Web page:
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Nadworny: The Clicks Aren't Free

10/18/12 5:55PM By Rich Nadworny
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(Host) When Digital strategist and commentator Rich Nadworny looks at some of our new online businesses, he's reminded of the Dire Straight's song: Money for Nothing. But - he says - the clicks aren't free.

(Nadworny) Imagine that you decide to open a cookie factory because you bake the best chocolate chip cookies in the world. Since everyone loves your cookies, you decide to give away your cookies for free. People will love eating your free cookies; they'll talk about them and crave them. When people want to bake your cookies themselves, you give away the recipe for free.

A year into your cookie business, you decide that you need to earn some money. You'd like someone like Sara Lee or Freihoffers to just buy you out. In the mean time, you decide that you're going to embed a digital chocolate chip in each cookie, so that every time someone bites into one, an audio ad or a hologram ad will play. People will have to watch ads in order to eat your cookies. Instead of selling cookies, you sell ads.

If you pitched a bank or a venture capital company on this business plan, they'd laugh you out of the office. And yet, that seems to be a winning approach for many online companies.

The biggest story on Wall Street this year is Facebook's failed IPO. The fabled online company went public in the spring, and since then, the price of the stock has gone down by half. Facebook has annual revenues of about $1.5 Billion, not too shabby, but investment bankers have valued the firm at $100 Billion.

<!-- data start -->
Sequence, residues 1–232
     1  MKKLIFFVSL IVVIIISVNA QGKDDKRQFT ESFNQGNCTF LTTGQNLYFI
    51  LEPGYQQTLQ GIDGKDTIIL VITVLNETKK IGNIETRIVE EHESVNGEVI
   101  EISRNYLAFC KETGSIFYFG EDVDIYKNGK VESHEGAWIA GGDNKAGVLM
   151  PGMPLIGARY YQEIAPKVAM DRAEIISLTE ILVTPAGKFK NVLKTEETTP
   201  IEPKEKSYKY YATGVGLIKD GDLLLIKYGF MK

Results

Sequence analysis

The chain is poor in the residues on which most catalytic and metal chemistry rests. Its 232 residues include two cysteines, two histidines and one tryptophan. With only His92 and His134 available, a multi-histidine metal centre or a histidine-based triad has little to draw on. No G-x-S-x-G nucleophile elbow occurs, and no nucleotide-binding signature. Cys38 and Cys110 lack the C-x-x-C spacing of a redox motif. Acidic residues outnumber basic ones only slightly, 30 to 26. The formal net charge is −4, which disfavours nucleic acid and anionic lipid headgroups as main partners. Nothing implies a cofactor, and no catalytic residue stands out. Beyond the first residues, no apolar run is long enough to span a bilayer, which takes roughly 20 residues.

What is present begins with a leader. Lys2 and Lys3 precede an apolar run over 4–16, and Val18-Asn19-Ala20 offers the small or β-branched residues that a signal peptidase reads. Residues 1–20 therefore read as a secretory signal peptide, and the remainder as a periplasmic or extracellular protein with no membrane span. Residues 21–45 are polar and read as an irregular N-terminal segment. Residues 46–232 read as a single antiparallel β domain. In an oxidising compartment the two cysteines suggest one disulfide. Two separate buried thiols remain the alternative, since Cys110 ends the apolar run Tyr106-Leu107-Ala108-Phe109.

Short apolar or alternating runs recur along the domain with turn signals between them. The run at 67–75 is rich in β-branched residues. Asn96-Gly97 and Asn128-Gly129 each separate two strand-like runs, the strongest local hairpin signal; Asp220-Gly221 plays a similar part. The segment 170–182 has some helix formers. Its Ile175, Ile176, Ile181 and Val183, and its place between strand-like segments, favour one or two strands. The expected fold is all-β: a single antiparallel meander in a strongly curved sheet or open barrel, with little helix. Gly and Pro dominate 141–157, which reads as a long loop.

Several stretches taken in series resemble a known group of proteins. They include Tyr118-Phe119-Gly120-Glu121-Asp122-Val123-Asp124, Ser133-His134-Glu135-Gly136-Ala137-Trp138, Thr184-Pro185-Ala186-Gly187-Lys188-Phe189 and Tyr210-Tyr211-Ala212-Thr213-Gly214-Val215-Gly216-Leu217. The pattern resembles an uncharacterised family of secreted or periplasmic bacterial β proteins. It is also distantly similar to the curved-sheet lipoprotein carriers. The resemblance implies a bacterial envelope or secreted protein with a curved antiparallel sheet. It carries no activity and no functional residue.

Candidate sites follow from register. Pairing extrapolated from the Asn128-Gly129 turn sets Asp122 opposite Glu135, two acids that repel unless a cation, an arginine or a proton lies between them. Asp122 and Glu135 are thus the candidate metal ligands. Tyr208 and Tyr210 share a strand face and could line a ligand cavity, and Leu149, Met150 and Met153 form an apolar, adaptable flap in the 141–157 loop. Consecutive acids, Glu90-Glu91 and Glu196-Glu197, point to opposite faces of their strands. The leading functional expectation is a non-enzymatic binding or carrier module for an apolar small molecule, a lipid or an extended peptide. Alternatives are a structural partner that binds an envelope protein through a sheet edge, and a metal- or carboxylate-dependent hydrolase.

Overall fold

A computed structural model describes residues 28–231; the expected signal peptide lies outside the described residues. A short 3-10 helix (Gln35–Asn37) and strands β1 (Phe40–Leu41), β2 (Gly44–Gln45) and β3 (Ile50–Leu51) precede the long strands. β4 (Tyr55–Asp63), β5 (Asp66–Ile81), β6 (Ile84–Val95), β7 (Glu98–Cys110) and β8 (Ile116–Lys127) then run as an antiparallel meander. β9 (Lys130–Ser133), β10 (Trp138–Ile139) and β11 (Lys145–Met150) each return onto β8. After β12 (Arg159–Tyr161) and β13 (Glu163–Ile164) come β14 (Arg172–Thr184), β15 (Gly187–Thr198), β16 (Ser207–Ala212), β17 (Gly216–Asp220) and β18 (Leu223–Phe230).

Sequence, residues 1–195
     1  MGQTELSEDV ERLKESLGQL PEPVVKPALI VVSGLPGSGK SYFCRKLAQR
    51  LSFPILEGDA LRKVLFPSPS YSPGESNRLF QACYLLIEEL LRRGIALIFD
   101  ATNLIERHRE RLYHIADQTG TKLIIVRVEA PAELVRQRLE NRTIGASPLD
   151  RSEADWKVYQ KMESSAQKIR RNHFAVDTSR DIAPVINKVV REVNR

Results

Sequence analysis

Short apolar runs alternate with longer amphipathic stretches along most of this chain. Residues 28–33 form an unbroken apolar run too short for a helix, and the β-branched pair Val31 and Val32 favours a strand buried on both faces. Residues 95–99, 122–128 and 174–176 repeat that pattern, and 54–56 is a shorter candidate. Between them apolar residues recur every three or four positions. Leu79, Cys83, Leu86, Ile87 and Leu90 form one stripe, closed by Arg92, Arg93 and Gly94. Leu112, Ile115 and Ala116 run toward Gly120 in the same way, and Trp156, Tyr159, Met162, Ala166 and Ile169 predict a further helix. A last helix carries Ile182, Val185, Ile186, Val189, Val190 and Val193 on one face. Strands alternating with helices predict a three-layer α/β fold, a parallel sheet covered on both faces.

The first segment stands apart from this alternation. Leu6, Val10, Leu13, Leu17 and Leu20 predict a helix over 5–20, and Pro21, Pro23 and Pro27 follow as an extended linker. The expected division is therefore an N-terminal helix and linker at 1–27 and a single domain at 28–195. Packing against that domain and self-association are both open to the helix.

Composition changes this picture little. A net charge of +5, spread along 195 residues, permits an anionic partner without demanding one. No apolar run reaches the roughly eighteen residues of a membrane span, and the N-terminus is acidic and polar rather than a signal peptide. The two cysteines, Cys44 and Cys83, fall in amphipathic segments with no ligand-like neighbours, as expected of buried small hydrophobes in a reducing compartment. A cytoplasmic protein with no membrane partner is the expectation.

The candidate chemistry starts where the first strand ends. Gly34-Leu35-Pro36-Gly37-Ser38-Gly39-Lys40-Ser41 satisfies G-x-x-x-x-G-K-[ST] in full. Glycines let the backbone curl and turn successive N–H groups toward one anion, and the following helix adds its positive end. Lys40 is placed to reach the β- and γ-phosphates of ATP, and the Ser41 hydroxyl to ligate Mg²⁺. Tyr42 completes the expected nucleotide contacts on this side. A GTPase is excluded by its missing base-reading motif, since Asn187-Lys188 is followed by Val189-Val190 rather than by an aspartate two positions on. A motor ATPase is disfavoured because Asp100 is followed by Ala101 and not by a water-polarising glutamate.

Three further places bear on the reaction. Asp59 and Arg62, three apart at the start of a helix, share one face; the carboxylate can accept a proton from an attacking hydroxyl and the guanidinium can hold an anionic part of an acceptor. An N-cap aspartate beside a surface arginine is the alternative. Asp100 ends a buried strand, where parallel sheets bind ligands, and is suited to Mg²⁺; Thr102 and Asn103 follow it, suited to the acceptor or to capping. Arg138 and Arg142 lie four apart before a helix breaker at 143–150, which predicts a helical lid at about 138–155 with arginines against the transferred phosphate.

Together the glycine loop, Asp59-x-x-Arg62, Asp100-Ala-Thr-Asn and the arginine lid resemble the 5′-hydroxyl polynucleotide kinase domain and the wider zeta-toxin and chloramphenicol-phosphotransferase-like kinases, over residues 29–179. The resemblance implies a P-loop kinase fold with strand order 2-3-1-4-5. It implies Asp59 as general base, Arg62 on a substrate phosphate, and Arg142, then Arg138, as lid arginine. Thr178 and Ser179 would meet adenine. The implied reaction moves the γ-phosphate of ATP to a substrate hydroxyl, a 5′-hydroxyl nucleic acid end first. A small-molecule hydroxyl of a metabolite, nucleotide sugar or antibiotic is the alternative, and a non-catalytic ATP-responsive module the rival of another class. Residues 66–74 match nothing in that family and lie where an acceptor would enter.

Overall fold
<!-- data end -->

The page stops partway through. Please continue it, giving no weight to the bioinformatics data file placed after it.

Facebook makes all of its money on advertising. Yet none of us, who go on Facebook and use it daily, do so because we like seeing Facebook ads. The ads have nothing to do with the experience of Facebook. The revenue, the advertising is based on that great dot-com-era term "eyeballs." The thinking is that the more eyeballs, the more money you can make showing terrible online ads.

Compare this with Silicon Valley and Wall Street darling Google. Google makes all of its money on online ads too. But its ads fit perfectly into its core business: Search. When Google sells you ads, it's to allow you to show a search ad on a search page. It makes perfect sense.

This year Facebook bought the photo social network Instagram for $1 Billion. When someone asked the Instagram owners how they make money, they replied, "That's a great question. We do not."

Facebook has about 950 million users. Imagine instead if they charged users only a quarter per month to use their service. For a price of one Starbucks latte Facebook could quintuple their income. Even if half of its users dropped out, they would still triple their income.

I have to believe that making something great, and charging a fair price for it, is good business. But I‘ve yet to meet anyone who thinks that what we really need is more advertising. So I have to wonder why this approach is making so much money for a few venture capitalists and online entrepreneurs.
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